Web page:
Scottish Government urged to follow Chancellor’s lead on stamp duty
Rishi Sunak announced buyers south of the border would no longer pay the levy on property sales worth up to £500,000.
The Scottish Government has been warned of “dire consequences” if SNP ministers fail to match Rishi Sunak’s cut on stamp duty south of the border.
The move was part of a series of announcements from the Chancellor which will see the Scottish Government get an additional £800 million in funding – taking the extra cash it has received from Westminster since the start of the coronavirus pandemic to £4.6 billion.
But Scottish Finance Secretary Kate Forbes complained the figures for Scotland from Mr Sunak’s summer update are “disappointing, underwhelming and fall short of the scale required to reboot the economy”.
The Scottish Government had been pressing hard for its borrowing powers to be increased, to help with the response to Covid-19.
Ms Forbes tweeted: “There is no reply to Scot Gov, Welsh Gov & NI Executive’s plea for fiscal flexibilities and no sign, as yet, of the level of funding we need.
“The UK Gov could have set out an ambitious plan of at least £80bn or 4% of GDP to reboot the economy and protect jobs.”
Her comments came after Mr Sunak unveiled a series of measures in what he branded a Plan for Jobs, aimed at boosting the economy in the wake of the coronavirus crisis.
As part of that the Chancellor announced house buyers in England will not pay duty on property sales worth up to £500,000.
The move is temporary and will only apply to the end of March next year – but Scottish Conservative leader Jackson Carlaw said its importance “could not be underestimated”.
He joined with the property industry in calling for the move to be matched in Scotland – with Mr Carlaw warning if the Scottish Government did not take a similar stance on its Land and Buildings Transaction Tax (LBTT) “the consequences for families and the wider economy will be dire”.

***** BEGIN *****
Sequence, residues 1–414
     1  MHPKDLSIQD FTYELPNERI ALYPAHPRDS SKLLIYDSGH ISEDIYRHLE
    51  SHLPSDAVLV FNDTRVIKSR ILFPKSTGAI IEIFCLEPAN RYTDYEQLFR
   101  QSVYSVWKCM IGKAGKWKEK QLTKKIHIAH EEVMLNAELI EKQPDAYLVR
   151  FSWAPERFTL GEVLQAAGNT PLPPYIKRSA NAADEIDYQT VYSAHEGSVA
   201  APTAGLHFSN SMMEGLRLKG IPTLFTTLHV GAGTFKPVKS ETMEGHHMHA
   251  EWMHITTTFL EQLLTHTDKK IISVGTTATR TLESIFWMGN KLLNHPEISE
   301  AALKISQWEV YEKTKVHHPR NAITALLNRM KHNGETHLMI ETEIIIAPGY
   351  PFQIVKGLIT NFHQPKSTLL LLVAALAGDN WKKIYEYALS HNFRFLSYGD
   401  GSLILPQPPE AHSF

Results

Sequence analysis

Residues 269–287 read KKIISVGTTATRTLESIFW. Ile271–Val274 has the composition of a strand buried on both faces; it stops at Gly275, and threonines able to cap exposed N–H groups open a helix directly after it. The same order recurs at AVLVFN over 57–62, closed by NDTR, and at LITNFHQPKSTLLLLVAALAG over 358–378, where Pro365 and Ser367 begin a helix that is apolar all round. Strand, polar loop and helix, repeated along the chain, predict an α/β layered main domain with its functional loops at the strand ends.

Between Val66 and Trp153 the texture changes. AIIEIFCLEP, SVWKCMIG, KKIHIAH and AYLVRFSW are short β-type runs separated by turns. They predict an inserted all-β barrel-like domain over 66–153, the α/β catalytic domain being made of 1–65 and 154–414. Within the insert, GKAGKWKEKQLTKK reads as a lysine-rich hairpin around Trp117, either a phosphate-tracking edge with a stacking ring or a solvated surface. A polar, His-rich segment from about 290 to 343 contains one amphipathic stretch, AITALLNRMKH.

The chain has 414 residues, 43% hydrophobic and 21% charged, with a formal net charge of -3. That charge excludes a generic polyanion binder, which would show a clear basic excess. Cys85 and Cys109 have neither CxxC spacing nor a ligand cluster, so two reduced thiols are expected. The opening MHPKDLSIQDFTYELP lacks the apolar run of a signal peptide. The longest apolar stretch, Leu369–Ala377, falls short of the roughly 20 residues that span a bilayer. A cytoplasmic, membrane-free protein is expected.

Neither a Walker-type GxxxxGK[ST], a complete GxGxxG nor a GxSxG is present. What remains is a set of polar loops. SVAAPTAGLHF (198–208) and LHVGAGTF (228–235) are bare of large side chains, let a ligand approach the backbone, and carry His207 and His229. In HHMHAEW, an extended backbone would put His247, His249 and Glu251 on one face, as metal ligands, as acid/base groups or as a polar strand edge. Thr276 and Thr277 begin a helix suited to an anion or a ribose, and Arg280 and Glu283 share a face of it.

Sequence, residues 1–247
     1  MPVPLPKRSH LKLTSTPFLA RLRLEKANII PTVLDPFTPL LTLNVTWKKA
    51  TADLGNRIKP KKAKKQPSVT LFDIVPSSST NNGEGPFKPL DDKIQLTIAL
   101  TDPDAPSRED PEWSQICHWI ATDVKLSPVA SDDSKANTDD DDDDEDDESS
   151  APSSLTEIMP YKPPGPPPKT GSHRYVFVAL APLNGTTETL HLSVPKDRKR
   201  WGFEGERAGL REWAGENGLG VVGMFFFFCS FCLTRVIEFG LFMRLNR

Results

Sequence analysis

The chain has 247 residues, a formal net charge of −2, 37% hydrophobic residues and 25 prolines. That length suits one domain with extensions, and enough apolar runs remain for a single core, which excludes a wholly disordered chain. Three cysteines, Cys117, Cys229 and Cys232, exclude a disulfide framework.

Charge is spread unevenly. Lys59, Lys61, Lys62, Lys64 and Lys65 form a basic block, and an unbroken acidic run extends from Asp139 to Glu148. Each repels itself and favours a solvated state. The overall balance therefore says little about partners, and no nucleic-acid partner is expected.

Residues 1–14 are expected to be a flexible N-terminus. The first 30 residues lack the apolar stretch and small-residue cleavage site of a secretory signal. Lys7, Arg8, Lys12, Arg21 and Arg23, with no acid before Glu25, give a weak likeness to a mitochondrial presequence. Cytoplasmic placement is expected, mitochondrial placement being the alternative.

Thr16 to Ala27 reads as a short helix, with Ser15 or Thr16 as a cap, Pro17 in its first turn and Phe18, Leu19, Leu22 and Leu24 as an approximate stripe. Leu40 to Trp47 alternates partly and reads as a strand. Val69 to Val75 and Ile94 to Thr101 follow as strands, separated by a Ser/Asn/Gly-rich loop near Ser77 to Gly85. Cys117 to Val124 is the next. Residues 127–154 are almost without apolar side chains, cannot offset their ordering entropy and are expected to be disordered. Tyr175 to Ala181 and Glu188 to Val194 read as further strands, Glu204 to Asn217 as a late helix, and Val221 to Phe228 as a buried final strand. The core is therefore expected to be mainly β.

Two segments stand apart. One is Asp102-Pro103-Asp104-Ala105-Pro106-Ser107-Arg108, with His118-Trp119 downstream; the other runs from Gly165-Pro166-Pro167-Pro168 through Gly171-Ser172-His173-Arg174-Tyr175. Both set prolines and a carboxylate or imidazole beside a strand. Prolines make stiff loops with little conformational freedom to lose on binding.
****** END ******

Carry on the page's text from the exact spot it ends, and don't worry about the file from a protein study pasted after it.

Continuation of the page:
The call was echoed by Scottish Secretary Alister Jack, who said: “The stamp duty cut gives a helping hand to the housing market and building trades in England. I urge the devolved administration to use their powers to do the same in Scotland.”
Ms Forbes is due to give her response to the Chancellor’s statement to MSPs on Thursday.
But First Minister Nicola Sturgeon pledged: “Where there are decisions for us in some of the decisions he has announced, we will set that out quickly.”
The move on stamp duty was one of a series of measures announced by the Chancellor as part of an emergency package of support in the wake of Covid-19.
He slashed VAT on food, accommodation and attractions from 20% to 5%, a tax cut worth up to £4 billion.
And he promised bosses a £1,000 bonus for each employee they bring back from furlough and continuously employ through to January, as well as confirming details of the £2 billion “kickstart” scheme of taxpayer-funded work placements for 16 to 24-year-olds.
Mr Sunak said the Covid-19 crisis had “highlighted the special bond which holds our country together”.
He added: “Millions of people in Scotland, Wales and Northern Ireland have been protected by the UK Government’s economic interventions – and they will be supported by today’s Plan for Jobs.
“No nationalist can ignore the undeniable truth: this help has only been possible because we are a United Kingdom.”
Speaking about the stamp duty cut, Mr Carlaw said: “This change will not just increase the number of properties bought and sold after months of lockdown. It will provide a boost to all those trades who depend on people moving home, decorating, renovating and generally making choices which keep the wheels turning for small businesses.”
David Alexander, joint managing director of property management firm apropos, said the move would “provide an immediate boost in confidence for buyers”.
He added: “Scotland must follow suit if we are to face a level playing field and encourage homebuyers to continue to engage with the market during these difficult economic times.”
Meanwhile, the cut in VAT for food, accommodation and visitor attractions was welcomed by Marc Crothall, chief executive of the Scottish Tourism Alliance, as a “huge catalyst for the tourism economy”.
He added: “I know this news will come as a huge relief today for thousands of pubs, restaurants, accommodation providers and visitor attractions across Scotland.”
But Russell Gunson, director of the IPPR Scotland think tank, said: “It’s disappointing that the amount of money spent on reducing stamp duty in England is more than the increases in spending proposed to tackle youth unemployment.
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